Q: Through the many crises of our son who suffers a chronic psychiatric disorder, my husband and I have come over the last 10 years, to the practice of gratefulness. We are slowly growing into patience, acceptance, trust and unconditional love with a long way still to journey. Essentially, it was through our son’s affliction that we began to look for the opportunity within the gift and tried to ignore the wrapping. But I have great difficulty accepting that it is through HIS suffering that OUR inner life has developed. WE are finding some joy and peace but to all appearances HE is not; my husband thinks that perhaps, he has found a little,occasionally. We would appreciate if you could respond to this, please, Brother David. — Mary, Australia

A: +Thank you, Mary, for sharing so deeply about your journey towards gratefulness. The way in which you and your husband let your challenges spur you on to grow spiritually will surely inspire many others. It does inspire me and moves me deeply.

I do understand your question: Through dealing so bravely with your son’s affliction you find the joy of unconditional love; but what about him? How can he find peace of heart?

Painful as it is, one can find meaning only for one’s own life, not for another person’s – no matter how close and how dear. To find meaning means to receive it with a grateful heart from the very Source of life and meaning. At his own time and in his own way, your son, too, will find the peace and joy you are finding. You may trust in this. Meanwhile, your unconditional love is creating, moment by moment, the ideal conditions for your son to open his own heart.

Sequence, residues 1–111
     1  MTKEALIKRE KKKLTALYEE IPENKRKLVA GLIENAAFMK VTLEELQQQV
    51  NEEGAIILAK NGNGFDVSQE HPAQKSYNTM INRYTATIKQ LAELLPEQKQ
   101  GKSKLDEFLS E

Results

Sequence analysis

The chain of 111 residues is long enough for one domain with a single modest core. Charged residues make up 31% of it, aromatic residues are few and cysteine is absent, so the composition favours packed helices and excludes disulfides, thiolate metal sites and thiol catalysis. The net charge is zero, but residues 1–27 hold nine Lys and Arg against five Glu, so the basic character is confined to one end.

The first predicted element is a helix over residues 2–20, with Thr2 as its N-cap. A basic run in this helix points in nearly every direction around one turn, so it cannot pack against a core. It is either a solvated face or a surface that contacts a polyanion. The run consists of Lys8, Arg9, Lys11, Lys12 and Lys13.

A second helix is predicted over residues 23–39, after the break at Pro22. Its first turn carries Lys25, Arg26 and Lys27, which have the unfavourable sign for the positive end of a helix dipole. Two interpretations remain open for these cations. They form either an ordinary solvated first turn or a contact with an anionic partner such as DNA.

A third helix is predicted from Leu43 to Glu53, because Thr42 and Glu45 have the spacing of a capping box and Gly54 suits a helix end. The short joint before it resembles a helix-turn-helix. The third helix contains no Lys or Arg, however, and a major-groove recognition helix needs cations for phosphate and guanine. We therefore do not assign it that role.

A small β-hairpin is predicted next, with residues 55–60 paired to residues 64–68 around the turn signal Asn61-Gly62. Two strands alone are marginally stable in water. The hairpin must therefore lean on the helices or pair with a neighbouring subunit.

–Your Brother David


Br. David Steindl-Rast#Grief
Q&A
Br. David Steindl-Rast, OSB

Br. David Steindl-Rast, OSB

About the author
Brother David Steindl-Rast — author, scholar, and Benedictine monk — is beloved the world over for his enduring message about gratefulness as the true source of lasting happiness. Known to many as the “grandfather of gratitude,” Br. David has been a source of inspiration and spiritual friendship to countless leaders and luminaries around the world including Desmond Tutu, the Dalai Lama, Thich Nhat Hanh, Thomas Merton, and more. He has been one of the most important figures in the modern interfaith dialogue movement, and has taught with thought-leaders such as Eckhart Tolle, Jack Kornfield, and Roshi Joan Halifax. His wisdom has been featured in recent interviews with Oprah Winfrey, Krista Tippett, and Tami Simon and his TED talk has been viewed almost 10,000,000 times. Learn more about Br. David here.